Mercedes is a high school English teacher and also tutors students in reading and writing.
She and her husband Erik bought a house and moved to Brunswick from Portland in September of 2013.
They have a Chocolate Labrador, Fozzie, who loves to romp and play in the surrounding woods and fields.
“My husband works for Revision Energy in Portland, and we’re focused on our goal of operating on nearly 100% renewable energy by the end of 2016.
We feel very lucky to have found such a sanctuary and to live in a town with great public resources like the Curtis Memorial Library!”
Mercedes took a moment to answer a few questions about libraries and reading.
What was your childhood library?
The Dover Town Library in Dover, Massachusetts. It’s a great, small public library, though much of it’s book collection has dwindled over the years and been replaced by digital resources.
I remember going there when I was little and often choosing the same favorite books and reading them over and over, such as “Oh Lewis” or “New Blue Shoes” by Eve Rice.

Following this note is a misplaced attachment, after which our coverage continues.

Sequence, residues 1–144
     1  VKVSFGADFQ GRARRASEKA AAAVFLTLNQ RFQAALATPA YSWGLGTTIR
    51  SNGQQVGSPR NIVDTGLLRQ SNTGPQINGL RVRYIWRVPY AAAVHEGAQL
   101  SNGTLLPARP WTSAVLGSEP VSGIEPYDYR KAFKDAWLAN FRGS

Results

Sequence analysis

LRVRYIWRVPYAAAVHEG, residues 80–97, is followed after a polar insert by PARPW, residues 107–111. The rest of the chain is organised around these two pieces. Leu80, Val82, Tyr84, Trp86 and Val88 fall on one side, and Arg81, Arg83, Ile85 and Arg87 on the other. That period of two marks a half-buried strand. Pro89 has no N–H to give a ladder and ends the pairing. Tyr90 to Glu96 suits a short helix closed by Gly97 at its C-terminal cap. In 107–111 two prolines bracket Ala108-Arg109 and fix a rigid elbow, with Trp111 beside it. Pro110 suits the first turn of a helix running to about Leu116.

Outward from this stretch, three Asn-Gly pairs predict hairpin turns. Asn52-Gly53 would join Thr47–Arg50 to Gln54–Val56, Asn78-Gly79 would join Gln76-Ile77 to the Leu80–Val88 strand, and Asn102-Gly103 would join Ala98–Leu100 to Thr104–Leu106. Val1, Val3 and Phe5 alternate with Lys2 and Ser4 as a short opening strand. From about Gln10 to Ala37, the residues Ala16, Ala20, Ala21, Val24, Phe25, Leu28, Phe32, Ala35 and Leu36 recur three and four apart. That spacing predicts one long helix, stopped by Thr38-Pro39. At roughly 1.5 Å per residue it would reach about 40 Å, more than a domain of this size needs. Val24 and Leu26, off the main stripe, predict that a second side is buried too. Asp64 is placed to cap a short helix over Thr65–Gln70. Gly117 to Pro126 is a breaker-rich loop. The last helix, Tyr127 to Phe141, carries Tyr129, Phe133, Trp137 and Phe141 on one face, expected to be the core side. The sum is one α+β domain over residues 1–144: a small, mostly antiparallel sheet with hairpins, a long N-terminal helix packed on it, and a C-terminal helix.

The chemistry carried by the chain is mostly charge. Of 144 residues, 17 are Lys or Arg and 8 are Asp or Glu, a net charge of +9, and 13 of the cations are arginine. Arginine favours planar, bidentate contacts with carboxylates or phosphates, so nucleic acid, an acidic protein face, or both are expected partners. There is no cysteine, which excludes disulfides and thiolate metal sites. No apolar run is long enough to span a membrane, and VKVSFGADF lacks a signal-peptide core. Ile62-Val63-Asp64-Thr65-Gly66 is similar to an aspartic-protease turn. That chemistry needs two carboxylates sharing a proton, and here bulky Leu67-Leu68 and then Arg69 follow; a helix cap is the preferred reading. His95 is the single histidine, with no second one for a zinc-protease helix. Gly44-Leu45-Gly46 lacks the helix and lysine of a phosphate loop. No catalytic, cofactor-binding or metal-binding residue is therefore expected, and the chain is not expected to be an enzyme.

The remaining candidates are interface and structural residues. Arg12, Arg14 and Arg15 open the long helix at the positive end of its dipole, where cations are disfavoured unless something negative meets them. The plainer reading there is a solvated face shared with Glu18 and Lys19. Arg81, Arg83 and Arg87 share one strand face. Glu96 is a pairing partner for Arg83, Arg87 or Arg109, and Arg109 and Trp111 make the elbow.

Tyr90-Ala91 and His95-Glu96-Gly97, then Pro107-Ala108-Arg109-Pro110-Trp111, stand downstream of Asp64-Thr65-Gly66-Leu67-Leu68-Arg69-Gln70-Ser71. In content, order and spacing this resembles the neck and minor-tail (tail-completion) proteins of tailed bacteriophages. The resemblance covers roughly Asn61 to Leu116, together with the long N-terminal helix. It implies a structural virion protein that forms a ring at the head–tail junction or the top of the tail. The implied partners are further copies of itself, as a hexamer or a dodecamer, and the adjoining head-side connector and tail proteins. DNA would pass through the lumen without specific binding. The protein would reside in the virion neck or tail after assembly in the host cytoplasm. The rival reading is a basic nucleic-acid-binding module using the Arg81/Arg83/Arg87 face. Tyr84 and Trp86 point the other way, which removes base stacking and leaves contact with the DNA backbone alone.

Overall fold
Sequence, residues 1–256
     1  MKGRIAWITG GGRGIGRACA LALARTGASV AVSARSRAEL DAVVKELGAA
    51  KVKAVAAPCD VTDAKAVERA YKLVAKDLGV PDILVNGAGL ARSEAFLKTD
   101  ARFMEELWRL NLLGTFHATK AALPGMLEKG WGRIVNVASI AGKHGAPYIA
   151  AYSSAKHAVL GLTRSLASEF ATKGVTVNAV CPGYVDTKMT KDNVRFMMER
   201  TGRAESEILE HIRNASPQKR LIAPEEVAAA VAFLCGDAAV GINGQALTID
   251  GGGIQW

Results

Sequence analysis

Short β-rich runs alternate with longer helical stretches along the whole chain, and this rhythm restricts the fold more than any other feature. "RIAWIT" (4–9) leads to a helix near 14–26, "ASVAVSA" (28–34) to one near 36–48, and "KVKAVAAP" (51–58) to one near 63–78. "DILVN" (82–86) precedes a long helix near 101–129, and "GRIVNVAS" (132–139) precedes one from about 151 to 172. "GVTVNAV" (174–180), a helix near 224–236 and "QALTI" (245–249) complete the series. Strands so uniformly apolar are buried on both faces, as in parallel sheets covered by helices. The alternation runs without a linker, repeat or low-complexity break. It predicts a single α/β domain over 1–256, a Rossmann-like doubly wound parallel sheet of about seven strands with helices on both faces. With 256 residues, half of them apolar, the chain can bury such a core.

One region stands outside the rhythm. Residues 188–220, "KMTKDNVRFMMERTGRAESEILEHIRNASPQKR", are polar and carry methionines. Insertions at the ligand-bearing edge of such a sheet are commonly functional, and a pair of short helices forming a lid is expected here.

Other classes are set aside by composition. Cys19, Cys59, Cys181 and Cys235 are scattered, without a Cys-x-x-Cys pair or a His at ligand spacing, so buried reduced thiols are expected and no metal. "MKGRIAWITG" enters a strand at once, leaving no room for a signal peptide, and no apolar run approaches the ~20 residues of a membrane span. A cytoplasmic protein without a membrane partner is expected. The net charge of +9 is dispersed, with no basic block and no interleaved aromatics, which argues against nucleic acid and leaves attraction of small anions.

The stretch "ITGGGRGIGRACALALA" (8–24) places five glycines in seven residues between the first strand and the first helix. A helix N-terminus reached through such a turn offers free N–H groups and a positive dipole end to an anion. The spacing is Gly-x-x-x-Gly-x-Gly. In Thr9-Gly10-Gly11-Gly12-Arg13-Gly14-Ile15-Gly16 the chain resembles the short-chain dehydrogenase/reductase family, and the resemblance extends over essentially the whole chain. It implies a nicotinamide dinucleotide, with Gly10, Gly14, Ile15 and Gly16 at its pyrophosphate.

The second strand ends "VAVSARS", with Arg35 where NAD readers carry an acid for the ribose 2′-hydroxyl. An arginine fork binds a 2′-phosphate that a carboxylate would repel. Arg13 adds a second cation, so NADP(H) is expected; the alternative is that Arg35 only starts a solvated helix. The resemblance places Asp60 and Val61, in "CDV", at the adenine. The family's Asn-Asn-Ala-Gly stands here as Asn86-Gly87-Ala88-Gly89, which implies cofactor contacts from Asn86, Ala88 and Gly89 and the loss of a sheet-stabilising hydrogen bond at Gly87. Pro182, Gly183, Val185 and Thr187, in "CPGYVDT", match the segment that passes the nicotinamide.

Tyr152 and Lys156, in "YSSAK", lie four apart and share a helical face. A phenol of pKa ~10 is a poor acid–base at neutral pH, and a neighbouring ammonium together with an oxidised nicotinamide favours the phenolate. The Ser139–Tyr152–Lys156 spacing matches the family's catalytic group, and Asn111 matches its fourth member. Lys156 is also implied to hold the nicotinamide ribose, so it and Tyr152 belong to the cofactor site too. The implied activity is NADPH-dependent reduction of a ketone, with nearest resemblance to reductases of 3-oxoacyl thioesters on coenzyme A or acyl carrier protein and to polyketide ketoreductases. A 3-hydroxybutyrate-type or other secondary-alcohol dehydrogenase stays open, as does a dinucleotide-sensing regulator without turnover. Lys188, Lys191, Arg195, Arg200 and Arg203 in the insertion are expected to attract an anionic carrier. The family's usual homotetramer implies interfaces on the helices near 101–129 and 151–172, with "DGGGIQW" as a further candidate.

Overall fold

What is your favorite thing to do at Curtis?
I like to nestle into the leather couches in the old library and grade papers or plan curriculum.
I’m an English teacher, so I spend a lot of time grading and planning.
The library is a great place to brainstorm ideas for teaching and learning!
Would you most likely be found reading a print book or an e-book?
I’m old school – I still read print books for leisure, though I spend a lot of time reading news, academic essays and articles on my computer as well.
What are you currently reading?
I’m currently reading a book my dad gave me for Christmas because he knows I love birds, titled “The Birds of Pandemonium: Life Among the Exotic and Endangered” by Michele Raffin.
It’s a nonfiction book based on Raffin’s experiences creating and sustaining Pandemonium Aviaries, a non-profit and one of the largest bird sanctuaries in the U.S., dedicated to saving birds from extinction.
They provide care for over 350 birds (34 species).
It’s a very interesting book with a lot of hidden metaphors and themes relating to preservation, hope, unconditional love and survival of the sometimes seemingly not-so-fittest.